The new member of the popular Boeing 777 family, the 777X, has taken to the skies and is expected to be delivered to launch customer Emirates in 2021. Boeing so far has not released any formal plans for a freighter version of the 777X, despite interest from customers. This article looks at the possibility of a future launch of a 777X freighter.
The 777X – proving popular so far
The Boeing 777 has been the best selling widebody aircraft to date. Introduced in 1994, this was the first aircraft to feature full fly-by-wire operation. With other advances though, and with new competition from the A350, the time came for an upgrade. The 777X was launched in 2013 as the newest member of the 777 family.
The first 777X test flights began in early 2020, and the 777-9 will enter service in 2021 with Emirates. Boeing so far has 309 orders (as at the end of January 2020) from nine airlines (including Emirates, Etihad, Qatar Airways, British Airways, Cathay Pacific, ANA. Lufthansa, and Singapore Airlines).
It is offered in two variants – the 777-9 and the smaller, but longer range, 777-8. These bring many upgrades over the 777, including:
- A higher passenger capacity (Boeing see the 777X as a potential replacement for retired 747 aircraft as well).
- New General Electric GE9X engines – the largest engine built to date, but lighter than the current GE90 due to fewer fan blades and use of carbon fiber composite materials.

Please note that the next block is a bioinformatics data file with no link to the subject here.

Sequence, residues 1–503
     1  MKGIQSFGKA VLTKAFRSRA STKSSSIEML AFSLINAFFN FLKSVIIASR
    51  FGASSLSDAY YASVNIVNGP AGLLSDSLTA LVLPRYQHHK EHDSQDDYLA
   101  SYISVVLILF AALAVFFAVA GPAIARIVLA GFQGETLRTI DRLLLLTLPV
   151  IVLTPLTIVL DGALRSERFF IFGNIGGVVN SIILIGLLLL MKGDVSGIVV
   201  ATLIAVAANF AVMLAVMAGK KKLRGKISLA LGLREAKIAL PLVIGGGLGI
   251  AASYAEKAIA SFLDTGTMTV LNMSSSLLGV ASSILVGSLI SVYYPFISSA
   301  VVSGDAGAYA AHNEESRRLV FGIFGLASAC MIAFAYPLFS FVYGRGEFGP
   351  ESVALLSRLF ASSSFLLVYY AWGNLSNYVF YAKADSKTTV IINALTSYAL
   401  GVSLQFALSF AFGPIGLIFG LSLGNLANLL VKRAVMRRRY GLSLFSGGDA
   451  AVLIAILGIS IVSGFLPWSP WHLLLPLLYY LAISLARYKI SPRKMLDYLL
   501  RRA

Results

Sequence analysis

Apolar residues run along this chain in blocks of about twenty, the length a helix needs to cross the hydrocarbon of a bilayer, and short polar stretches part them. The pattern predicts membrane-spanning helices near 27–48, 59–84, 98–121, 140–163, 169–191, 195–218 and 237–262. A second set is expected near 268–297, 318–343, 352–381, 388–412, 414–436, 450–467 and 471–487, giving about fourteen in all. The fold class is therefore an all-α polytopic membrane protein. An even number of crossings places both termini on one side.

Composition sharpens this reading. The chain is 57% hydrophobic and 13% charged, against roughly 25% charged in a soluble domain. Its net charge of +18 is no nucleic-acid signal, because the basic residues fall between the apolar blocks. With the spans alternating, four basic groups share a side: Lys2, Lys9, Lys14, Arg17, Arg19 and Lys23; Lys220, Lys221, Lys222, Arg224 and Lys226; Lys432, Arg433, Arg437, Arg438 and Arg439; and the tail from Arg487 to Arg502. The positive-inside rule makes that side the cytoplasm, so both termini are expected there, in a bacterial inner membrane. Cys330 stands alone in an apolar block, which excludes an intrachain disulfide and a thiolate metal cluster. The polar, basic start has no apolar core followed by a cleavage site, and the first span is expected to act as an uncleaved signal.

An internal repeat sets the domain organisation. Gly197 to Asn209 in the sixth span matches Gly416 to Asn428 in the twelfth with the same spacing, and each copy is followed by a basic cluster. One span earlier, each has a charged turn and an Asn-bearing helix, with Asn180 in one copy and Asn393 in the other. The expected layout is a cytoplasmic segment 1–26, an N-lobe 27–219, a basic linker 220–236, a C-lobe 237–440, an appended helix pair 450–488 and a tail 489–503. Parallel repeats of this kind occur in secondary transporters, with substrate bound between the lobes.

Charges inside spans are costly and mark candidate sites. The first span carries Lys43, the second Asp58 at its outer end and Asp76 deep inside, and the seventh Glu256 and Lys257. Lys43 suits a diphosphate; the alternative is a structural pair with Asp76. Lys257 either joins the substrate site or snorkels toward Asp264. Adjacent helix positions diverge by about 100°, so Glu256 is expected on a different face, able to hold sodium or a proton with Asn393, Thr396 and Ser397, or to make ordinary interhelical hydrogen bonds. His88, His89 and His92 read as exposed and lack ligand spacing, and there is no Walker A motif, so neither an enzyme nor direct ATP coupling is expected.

- More efficient operation, with around 10 percent lower fuel burn.
- A unique folding wing design, aiding fuel efficiency but increasing airport operating options.
Space for a new freighter
There are no official plans for a freighter version of the 777X as yet, just the two passenger versions 777-8 and 777-9. Boeing already manufactures two of the most popular freighters on the market, however, the 777 and 747 freighter versions. Boeing has already launched a new freighter version of the 747-800, so a logical expansion would be to do so for the 777X, with all of its engine and efficiency benefits.
There is certainly space in the market. In reporting in the cargo industry publication Cargo Forwarder, Boeing claims that an additional 1,040 wide-body freighters will be needed in the coming 20 years.
Boeing has not dismissed the possibility of a freighter version. In fact, in communication in 2015, it discussed the possibility that a future freighter version would be based on the 777-8 airframe. This would follow 18 to 24 months after the 777-8 passenger model enters service (currently not expected until at least 2023).
Qatar Airways offers to be the launch customer
There is current customer support for the development as well. At the Paris air show in 2019, Qatar Airways expressed its desire for a 777X freighter to be made available, and a willingness to be the launch customer. Qatar Airways already operates 16 Boeing 777 freighters and signed a deal for five more at the Paris air show.
Speaking at the show (and reported by Flight Global), Qatar Airways chief executive Akbar Al Baker explained:
“By 2025, our initial freighters will be getting about 10 years old, so we will need to replace them. Hopefully, Boeing will launch a 777X-based freighter.”
What about Airbus?
To date, Boeing has pretty much dominated the freighter market with the 777 and the 747. Airbus offers competition with the A330-200 freighter, but this has been much less widely used, with only 41 orders (as reported in Wikipedia data).
According to Cargo Forwarder, Airbus has indicated it is looking at the possibility of a freighter version of the A350XWB, and Cathay Pacific at least has expressed interest as its fleet of 747 freighters ages.
So, with neither manufacturer having confirmed plans, there is an opportunity for the first to develop a ‘new generation’ freighter. Boeing though, with its strong lead in the current freighter market, likely has the advantage if it moves to develop the 777-8.